Archive for Biker Movie Reviews

Motorcycles in the Movies

Article by Alan Liptrot

 

When Bud Ekins took the place of Steve McQueen, to jump the wire fence in the film ‘The Great Escape’, he arguably created the most famous motorcycle movie scene of all time, but you will notice that I used the word ‘arguably’, because there are other movies that run this one close. The Great Escape wasn’t a film about motorcycles; it just happened to have the scene that everyone remembers. Interestingly, although McQueen didn’t perform that stunt, it was his idea to include that scene. Both Ekins and McQueen were avid motorcyclists.

In 1969, Dennis Hopper directed and starred alongside Peter Fonda in a film that reverberated far beyond the Movie Theatre. ‘Easy Rider’ was the story of two disillusioned youths who, after collecting the funds from a dope sale in Southern California, set off on a trip across America. The Hydraglides in the film, which were built between 1949 and 1952, were bought at auction for 500 US Dollars, but chopper builders Cliff Vaughs and Ben Hardy transformed the bikes, each one having a back-up to ensure the cameras kept rolling. One of the bikes was wrecked in the final scene while the others were stolen before the significance of movie props was realised. The final campfire scene still had to be shot, hence the absence of the motorcycles, whereas in the previous campfire scenes, the bikes are clearly visible. The wrecked ‘Captain America’ was rebuilt and by Dan Haggerty and became a museum exhibit until it was sold in 2001.

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Harley Davidson and the Marlboro Man (1991)

Harley Davidson and the Marlboro Man (1991) by all critics was a motion picture failure. Mickey Rourke enters as a biker named Harley (I know several dogs named Harley) named so after his ride. Makes you wonder, if he road a Gold Wing would his name be Goldie? His friend, The Marlboro Man who also rides a Harley seems to be named after the cigarette Marlboro character. (A form of Cowboy syndrome?)

Their favorite “biker bar” from long ago, the Rock ‘n’ Roll Bar and Grill is on the brink of bankruptcy so they team up to save it. They decide to get money to keep the bar open by robbing a bank.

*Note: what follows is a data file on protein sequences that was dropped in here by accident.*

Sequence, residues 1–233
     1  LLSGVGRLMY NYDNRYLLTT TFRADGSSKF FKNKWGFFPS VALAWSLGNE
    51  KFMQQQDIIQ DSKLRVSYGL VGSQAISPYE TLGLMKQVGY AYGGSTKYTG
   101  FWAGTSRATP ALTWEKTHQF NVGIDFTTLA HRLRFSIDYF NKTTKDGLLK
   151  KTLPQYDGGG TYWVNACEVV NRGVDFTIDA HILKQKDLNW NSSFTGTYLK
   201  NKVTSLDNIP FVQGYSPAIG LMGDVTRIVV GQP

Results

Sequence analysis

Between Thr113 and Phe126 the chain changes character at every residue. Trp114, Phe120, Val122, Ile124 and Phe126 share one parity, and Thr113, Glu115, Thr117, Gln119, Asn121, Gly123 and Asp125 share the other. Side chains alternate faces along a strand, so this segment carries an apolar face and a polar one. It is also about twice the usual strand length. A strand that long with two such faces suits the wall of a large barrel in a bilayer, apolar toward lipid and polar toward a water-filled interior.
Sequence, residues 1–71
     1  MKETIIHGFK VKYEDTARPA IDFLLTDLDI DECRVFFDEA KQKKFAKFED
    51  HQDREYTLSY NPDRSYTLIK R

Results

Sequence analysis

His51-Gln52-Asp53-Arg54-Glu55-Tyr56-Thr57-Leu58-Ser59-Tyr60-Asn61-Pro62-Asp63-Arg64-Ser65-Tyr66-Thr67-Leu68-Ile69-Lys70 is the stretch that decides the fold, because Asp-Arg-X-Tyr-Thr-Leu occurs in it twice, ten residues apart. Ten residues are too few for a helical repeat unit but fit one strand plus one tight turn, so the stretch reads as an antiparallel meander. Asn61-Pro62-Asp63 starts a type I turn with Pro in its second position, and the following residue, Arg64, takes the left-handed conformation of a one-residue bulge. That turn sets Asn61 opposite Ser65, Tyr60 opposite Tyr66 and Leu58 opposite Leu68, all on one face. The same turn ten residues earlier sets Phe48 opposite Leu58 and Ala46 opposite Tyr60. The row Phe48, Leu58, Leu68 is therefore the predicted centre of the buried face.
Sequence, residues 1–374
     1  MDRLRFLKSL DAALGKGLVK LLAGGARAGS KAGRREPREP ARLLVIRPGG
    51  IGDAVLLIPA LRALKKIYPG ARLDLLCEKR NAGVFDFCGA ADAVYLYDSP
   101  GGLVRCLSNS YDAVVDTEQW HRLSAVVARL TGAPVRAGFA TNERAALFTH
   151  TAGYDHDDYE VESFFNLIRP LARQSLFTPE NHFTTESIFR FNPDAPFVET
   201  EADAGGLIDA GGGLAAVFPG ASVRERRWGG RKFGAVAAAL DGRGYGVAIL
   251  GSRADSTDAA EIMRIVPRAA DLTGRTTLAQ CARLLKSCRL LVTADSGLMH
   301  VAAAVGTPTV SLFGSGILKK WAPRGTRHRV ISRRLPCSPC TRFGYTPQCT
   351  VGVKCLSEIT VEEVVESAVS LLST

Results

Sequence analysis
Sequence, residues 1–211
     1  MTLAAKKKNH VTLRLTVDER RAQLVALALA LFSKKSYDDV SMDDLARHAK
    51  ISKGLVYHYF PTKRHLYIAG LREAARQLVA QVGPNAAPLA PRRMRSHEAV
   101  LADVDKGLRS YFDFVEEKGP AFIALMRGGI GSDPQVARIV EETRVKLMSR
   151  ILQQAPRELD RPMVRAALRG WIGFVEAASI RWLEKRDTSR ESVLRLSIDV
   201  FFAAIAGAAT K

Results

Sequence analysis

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Ghost Rider

It’s the old story of good versus evil where the good guy gets to look cool on a fiery blazing chopper.

Marvel comics strikes again as the comic pages come to life as only Nicolas Cage can characterize playing motorcyclist stunt rider, Johnny Blaze. Cage is perfect for the role as his laid back easygoing personality persists throughout the film.

The back-story includes a devilish deceptive contract with the devil, in exchange for Johnny’s soul for his father’s life but his dad is dying of cancer: Johnny’s dad dies anyway, not from Cancer but a motorcycle accident so the contract reminds binding. Johnny Blaze becomes the “Ghost Rider” as part of another yet another agreement with Mephistopheles, father of the Blackheart with the hope that
Ghost Rider will defeat his son.

The movie, although imaginary is somewhat childish fueled by an unoriginal plot backed by a dull music score. I really thought the burning Skeleton riding his hot bike was cool enough to watch the movie in it’s entirety. It’s an okay film.

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Wild Hogs (2007)

Wild Hogs

The reviews weren’t pretty. In general the film rated 2 stars if that, being seen as a terrible mishmash of slapstick, floundering and Hollywood Stereotyped Bikers with a script written to please traditional America.

On the flip side of a bad review, the actors were having a great time, regardless of the film. AND it was entertaining. Hollywood provided the typical Bike Syndrome phenomena; enter the Del Fuegos.

The appearance of Peter Fonda was cool and several rides from Orange County Choppers custom bikes and open road made New Mexico look inviting.

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Easy Rider (1969)

Easy Rider

This is a classic, and after 35 years since its initial release, Easy Rider still has a viewing audience.  The movie, set in the 1960’s is filled with biker prejudice, free love, good music, violence and of course drugs the total Biker image that Hollywood loves to perpetuate till this day.

Though the lenses of the camera and the sounds of Steppenwolf, the Byrds, and the Electric Prunes, we follow two prototypical hippie bikers living the American Dream.  Almost an odyssey, their quest on the road represents the American biker image of freedom with no responsibilities.

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